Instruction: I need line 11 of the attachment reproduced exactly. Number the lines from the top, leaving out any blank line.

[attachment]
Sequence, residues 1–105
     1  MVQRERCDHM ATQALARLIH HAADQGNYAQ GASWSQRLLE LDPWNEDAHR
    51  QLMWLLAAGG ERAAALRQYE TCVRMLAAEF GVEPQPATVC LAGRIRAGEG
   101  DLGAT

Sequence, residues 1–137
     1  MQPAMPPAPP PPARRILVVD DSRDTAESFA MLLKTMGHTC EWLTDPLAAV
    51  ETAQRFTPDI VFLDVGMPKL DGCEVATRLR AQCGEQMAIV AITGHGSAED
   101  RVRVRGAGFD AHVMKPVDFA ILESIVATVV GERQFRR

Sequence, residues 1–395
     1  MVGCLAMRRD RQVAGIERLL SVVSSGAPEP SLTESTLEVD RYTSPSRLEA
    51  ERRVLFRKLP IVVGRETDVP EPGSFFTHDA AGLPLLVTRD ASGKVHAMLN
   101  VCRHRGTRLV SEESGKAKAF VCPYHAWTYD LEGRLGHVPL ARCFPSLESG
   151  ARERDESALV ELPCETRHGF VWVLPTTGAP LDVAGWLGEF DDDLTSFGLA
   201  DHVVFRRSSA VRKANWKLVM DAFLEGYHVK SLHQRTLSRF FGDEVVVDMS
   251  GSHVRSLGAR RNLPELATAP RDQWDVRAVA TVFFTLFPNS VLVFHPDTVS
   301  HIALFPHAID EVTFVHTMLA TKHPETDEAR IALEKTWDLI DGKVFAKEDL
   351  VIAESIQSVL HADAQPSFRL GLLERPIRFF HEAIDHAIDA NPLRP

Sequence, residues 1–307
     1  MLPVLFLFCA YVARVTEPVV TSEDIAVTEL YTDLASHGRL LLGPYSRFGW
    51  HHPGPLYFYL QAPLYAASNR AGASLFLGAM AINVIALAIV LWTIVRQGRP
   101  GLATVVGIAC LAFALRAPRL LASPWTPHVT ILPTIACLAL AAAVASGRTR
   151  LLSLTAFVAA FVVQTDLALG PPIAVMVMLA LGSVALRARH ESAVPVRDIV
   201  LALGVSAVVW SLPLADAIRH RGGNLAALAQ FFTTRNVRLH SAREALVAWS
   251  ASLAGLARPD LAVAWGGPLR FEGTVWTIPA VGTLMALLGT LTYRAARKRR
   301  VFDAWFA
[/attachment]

    51  ERRVLFRKLP IVVGRETDVP EPGSFFTHDA AGLPLLVTRD ASGKVHAMLN